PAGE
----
Schuyler Van Engelenburg
What I do
Researching the mechanisms of viral biogenesis and educating the next generation of virologists and cellular biophysicits.
cellular biophysics, imaging, virology
I have an interdisciplinary background in the fields of virology, cellular biology, chemistry, and biophysics. My post-doctoral work at the National Institutes of Health focused on understanding how a single HIV particle is formed in an infected cell using single molecule imaging approaches. Here at DU I am focused on developing new imaging technologies to better understand how single viruses are "born", while also teaching both undergraduate and graduate students the fields of virology and cellular biophysics.
- Ph.D., Biochemistry, Universit y of Colorado, 2010
- BS, Chemistry, Fort Lewis College, 2005
- American Society for Microbiology
- Biophysical Society
Viral pathogens still plague our modern society despite the promise of highly effective therapies. Tremendous advances in our understanding of the genetics, biochemistry, and cellular pathology of viral infections are, however, beginning to fill the gaps in our knowledge and leading to new antiviral therapies. Nevertheless, many gaps remain in our understanding of the nanoscale and molecular dynamics of viral entry, replication, and assembly. As such, my laboratory focuses on developing cutting-edge multidisciplinary techniques to understand the host-viral interface on a truly molecular level. Specifically, this includes advanced superresolution microscopy techniques, protein chemistry and probe development, and computational image analysis to quantitatively understand the cellular, biochemical, and genetic drivers of HIV-1 assembly. To this end, my research is aimed at constructing molecularly accurate spatial and temporal models for HIV biogenesis. It is my hope that by pinpointing the weaknesses and dependencies of HIV assembly, that future research will lead to the development of new antiviral therapies targeting the assembly stage of the infection cycle.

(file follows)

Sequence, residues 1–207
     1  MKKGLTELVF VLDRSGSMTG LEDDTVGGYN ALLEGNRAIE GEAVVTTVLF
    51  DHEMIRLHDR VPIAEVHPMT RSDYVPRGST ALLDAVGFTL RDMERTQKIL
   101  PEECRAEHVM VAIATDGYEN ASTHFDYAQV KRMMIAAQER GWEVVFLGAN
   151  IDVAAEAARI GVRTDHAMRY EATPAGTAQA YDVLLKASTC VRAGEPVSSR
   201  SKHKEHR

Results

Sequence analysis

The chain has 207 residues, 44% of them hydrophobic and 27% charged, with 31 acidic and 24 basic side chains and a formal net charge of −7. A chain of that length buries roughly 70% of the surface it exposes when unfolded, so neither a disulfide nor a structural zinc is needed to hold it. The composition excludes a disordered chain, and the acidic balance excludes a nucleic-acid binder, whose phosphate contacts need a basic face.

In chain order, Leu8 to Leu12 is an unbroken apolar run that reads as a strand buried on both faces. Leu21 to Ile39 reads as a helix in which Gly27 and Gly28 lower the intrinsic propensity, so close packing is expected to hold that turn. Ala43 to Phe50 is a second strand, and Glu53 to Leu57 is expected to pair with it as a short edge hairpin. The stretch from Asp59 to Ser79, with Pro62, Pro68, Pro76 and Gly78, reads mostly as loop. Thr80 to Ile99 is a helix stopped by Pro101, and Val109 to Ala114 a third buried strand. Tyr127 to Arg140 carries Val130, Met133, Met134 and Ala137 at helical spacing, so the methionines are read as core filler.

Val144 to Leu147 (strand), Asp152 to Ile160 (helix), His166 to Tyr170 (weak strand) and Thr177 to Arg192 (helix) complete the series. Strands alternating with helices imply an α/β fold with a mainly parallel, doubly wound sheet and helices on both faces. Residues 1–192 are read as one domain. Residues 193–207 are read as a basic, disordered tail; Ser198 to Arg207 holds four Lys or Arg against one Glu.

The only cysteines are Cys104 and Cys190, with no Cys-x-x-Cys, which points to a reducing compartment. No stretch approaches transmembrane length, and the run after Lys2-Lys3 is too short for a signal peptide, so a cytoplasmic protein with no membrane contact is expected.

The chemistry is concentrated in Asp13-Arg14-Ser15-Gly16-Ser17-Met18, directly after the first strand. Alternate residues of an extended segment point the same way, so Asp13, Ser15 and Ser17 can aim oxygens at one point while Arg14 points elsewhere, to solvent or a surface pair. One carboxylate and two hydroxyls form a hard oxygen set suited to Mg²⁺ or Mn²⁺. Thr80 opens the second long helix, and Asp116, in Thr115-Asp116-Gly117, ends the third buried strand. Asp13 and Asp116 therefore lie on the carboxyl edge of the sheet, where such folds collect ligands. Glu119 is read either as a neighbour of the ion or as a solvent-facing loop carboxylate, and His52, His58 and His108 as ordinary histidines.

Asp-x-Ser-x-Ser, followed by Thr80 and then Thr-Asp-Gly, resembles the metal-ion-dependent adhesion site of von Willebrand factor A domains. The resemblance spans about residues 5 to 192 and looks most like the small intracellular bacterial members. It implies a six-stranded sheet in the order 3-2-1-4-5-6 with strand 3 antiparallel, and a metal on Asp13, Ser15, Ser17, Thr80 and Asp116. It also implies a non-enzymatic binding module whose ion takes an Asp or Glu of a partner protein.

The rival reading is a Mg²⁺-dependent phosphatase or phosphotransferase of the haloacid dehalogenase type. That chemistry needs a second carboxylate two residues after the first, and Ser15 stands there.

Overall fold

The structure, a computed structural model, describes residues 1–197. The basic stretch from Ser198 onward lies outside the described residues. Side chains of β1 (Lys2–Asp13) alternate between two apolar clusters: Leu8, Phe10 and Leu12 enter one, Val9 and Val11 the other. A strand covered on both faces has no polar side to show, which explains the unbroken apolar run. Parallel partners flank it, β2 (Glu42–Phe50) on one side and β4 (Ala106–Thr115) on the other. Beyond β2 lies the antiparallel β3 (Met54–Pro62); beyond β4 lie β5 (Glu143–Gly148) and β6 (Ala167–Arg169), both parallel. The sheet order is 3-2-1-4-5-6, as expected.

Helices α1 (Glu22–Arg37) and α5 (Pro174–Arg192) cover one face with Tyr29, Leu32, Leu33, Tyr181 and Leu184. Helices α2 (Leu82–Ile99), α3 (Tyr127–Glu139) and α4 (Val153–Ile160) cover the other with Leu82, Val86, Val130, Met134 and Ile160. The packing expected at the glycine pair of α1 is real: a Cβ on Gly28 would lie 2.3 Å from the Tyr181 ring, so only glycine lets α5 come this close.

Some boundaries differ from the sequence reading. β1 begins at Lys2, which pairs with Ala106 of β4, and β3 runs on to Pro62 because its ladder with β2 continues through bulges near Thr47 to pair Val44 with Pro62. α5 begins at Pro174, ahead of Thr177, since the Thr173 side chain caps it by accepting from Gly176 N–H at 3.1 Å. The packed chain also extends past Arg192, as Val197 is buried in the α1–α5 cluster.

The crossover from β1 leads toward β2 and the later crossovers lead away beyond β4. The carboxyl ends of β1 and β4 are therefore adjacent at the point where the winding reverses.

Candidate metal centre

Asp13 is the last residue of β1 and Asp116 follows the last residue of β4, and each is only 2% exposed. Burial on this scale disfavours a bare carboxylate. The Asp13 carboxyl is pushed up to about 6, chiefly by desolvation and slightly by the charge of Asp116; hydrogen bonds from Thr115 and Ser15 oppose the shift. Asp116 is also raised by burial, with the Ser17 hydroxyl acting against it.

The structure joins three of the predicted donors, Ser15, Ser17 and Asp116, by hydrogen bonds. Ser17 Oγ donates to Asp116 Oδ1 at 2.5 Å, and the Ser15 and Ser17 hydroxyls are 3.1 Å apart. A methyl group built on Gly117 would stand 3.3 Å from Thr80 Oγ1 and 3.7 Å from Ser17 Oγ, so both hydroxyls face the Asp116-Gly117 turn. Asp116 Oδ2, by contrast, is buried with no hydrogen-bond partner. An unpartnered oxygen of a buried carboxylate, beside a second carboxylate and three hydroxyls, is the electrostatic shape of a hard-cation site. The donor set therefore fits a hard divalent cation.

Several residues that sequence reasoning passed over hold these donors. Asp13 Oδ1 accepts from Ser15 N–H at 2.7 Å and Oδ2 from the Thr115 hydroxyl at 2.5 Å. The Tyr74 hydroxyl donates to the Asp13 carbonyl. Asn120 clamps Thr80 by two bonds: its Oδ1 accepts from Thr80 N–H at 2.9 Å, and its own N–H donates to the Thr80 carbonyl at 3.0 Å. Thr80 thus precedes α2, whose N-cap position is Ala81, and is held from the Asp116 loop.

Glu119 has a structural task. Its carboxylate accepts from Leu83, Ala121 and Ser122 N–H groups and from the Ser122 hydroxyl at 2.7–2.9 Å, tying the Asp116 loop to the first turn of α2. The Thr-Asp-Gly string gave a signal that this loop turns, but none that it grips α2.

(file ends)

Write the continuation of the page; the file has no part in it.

- Identifying determinants of HIV-1 responsible for the nanoscale distribution and dynamics of virus assembly
- Defining the three-dimensional organization and dynamics of HIV-1 envelope using superresolution microsopy
- Boettcher Foundations Webb-Waring Biomedical Research Award
- Boettcher Foundation Collaboration Grant, Boettcher Foundation
- Webb-Waring Biomedical Research Award, Boettcher Foundation
- Listed as Top 25 Faculty Fiscal Year 2017 Research and Scholarship Annual Report, Office of Sponsored Research, University of Denver
- NICHD Mentor of the Year Award, National Institute of Child Health and Development